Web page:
Parents withdraw pupils from school mental health help

Families opting out of government scheme due to 'stigma', pilot school warns

Tes Reporter


Parents have been opting out of a scheme to provide targeted mental health support to their children amid concerns around stigma, MPs have heard.

Shanti Johnson, deputy head at Maple Primary School in St Albans, Hertfordshire – one of the pilot schools for the government's mental health support leads – said some families worried about their children being labelled if they took up the provision being offered.

She told the Commons Health and Social Care Committee: "I think that's where the biggest hurdle lies with the parents."

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In December 2018, the government launched 25 trailblazer regions to pilot proposals from its mental health Green Paper for children and young people – which included every school having a designated mental health support lead.

Maple Primary School was one of the pilot schools chosen to trial the mental health support teams initiative – whereby leads work directly with the pupils, or their parents, to help improve the child's wellbeing.

When asked what could improve the scheme, Tim Bowen, head at Maple Primary School, said they had some "disappointments" when parents withdrew from the programme when they realised they would have to take some responsibility for their child's mental health support.

He told MPs: "I think a few of our parents thought they could pass their concern, pass their problem, on to someone else, and that the school and the specialist would deal with it.

"But when it came back, 'Well, this is what you as parents have to do', sadly, in a couple of instances, the parents withdrew."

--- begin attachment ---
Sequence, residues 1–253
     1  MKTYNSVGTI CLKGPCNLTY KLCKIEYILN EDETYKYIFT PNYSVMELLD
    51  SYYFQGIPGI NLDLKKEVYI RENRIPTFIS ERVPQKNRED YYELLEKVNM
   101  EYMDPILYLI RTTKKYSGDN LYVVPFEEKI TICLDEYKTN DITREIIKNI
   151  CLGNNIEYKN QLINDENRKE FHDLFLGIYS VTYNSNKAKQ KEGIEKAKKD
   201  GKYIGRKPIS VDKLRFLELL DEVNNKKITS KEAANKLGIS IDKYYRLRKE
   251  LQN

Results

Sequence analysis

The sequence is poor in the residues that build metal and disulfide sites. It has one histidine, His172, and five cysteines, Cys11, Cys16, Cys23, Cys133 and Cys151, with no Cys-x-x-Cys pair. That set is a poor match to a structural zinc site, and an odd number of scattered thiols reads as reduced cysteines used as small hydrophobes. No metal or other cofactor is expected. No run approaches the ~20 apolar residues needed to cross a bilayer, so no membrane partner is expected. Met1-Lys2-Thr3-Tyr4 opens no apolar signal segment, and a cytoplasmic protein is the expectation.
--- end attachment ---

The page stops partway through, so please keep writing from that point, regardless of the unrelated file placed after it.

Mr Bowen added: "There was one other case where the family decided to withdraw support because they were concerned, I think incorrectly, that there would be something on the child's record either going up to secondary school, or even on their medical records."

When asked to expand on issues with parental engagement, Ms Johnson told MPs: "At the moment we've been explaining all the things that we're doing.

"It is just making the parents aware of the different opportunities that we have on offer."

She added: "I think it boils down to the stigma attached to mental health and parents perhaps being very concerned that their child might be labelled, or that it might have an effect on their child going forward if they've been identified for any particular anxiety or any other mental health concerns."

Ms Johnson added that the "biggest limit" to the scheme was a lack of time with the mental health lead – who is only at the school for half a day a week.

Aleisha Clarke, head of child mental health and wellbeing at the Early Intervention Foundation, told MPs: "What we're hearing from schools, mental health is a priority. It's up there as one of the top priorities for schools, but what we're hearing is that schools actually need more time."

She added that it was important that work done in schools was supported and reinforced in the home environment and the stigma around mental health could be addressed through "universal provision".

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